Hurricanes = Loads of Snow in 2018?

Will this year’s hurricane season mean a snowy winter?

Historical data supports a theory that an active hurricane season precedes a colder following winter. That could be encouraging news for winter sports enthusiasts in 2018 following the storms we experienced in 2017. However, it is just a theory and the volume of data doesn’t allow any conclusive predictions. Your best bet is to combine these two techniques in order to give us all the best chance of an Alpine powder-fest in 2018…

a) Educate yourself and spread the word to feed the collective consciousness. “If we think it, it will be.” – A Wise Guy, once.
b) Snow dance to Ullr like Fred Astaire after half a dozen Jagerbombs.

6 Reasons why more hurricanes could mean more snow

1. Hurricanes upwell colder ocean water towards the surface, nullifying some of the effect of the Gulf Stream which brings the usual temperate (warm and wet) weather patterns towards Northern Europe.
2. Increased storm frequency in the mid-Atlantic brings more cold water towards the East which compounds the effects of the cooler water.
3. The effect of prevalent hurricane activity in the Autumn accelerates the onset of winter and allows the cold to take effect sooner.
4. Cold fronts in northern Europe, Scandinavia and the Siberian Arctic are able to penetrate further south earlier in the winter season and more frequently due to hurricane activity shifting the gulf stream south.
5. Hurricanes transport masses of warm air into the higher Atlantic latitudes causing blocks in the ‘normal’ gulf stream weather pattern which keeps Europe mild for longer in the early part of Winter.
6. Magic and stuff.

Even with all the science, this does not necessarily mean more snow. Siberian air from the North (you know those horrible biting cold winds that freeze your nostril hairs?) is much drier due to traveling over predominantly land rather than ocean as the Gulf Stream does. And the clouds travelling south lose most of their moisture before reaching the Alps due to relief precipitation (dust off your old Geography textbooks…).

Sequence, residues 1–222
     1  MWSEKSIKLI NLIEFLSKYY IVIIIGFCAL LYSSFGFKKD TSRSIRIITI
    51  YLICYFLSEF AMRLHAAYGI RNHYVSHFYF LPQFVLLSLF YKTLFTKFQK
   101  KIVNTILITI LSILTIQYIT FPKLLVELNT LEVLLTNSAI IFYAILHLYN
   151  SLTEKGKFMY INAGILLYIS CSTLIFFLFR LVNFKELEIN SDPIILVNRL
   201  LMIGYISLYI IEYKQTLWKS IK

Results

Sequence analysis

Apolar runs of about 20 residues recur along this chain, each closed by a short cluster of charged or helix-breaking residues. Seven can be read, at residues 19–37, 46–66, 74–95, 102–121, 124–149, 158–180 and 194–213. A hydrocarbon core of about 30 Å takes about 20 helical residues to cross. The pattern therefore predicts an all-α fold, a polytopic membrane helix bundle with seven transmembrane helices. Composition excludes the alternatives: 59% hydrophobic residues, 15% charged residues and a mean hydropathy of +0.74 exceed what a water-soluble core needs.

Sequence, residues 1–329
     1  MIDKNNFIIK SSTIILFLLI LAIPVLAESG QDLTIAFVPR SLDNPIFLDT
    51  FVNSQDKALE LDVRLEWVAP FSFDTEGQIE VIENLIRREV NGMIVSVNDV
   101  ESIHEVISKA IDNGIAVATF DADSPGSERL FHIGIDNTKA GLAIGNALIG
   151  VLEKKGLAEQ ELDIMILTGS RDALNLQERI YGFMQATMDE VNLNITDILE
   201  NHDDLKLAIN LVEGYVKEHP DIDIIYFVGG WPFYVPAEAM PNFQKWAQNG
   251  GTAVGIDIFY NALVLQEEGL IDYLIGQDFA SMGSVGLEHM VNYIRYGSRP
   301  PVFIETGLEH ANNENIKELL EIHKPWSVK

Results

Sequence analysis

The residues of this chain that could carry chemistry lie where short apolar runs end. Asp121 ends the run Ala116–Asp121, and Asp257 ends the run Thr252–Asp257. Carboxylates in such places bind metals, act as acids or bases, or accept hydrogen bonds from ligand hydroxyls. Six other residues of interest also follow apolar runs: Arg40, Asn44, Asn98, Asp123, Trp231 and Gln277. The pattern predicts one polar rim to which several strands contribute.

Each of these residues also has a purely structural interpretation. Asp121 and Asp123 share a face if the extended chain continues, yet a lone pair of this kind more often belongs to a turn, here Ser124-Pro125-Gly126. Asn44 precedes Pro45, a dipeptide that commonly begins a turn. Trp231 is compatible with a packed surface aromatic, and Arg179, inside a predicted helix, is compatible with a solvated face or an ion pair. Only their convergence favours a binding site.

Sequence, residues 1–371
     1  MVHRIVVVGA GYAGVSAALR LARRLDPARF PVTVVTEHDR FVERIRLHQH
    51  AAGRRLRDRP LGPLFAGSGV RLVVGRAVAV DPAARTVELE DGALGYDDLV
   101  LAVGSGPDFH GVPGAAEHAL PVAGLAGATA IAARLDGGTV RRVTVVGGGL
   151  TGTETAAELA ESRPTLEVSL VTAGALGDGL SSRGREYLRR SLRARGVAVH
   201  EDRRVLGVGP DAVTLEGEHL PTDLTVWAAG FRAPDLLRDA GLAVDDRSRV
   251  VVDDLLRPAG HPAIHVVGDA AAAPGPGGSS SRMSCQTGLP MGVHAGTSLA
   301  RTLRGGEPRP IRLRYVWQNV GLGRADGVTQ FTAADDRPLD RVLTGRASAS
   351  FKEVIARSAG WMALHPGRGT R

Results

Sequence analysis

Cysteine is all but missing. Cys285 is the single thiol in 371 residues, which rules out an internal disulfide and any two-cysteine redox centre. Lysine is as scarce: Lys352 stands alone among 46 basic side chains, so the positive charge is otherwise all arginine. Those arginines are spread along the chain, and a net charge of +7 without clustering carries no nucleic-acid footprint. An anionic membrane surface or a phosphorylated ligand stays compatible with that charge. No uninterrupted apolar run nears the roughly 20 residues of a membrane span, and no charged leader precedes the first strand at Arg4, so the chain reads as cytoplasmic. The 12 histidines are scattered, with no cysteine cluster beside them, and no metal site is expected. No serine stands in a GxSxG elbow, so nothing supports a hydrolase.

As we know, one of the main factors of a bit of a pants Alps winter in 16/17 was the fact that it rained a lot. The base snow that had built up early in the season thawed more frequently and conditions suffered as a result. Apart from in the high Alpine where it always snows, most resorts had to work pretty hard with their snow cannons and stiff upper lips in order to promote conditions for skiing and snowboarding.

So what we need is the perfect storm of this ‘hurricane effect’ cold winter, coupled with regular high pressure weather patterns whipping in from the Atlantic which bring the precipitation. It’s not too much to ask is it? Just to be on the safe side, please see a) and b) above.

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Ryan Chitty

Marketing Executive

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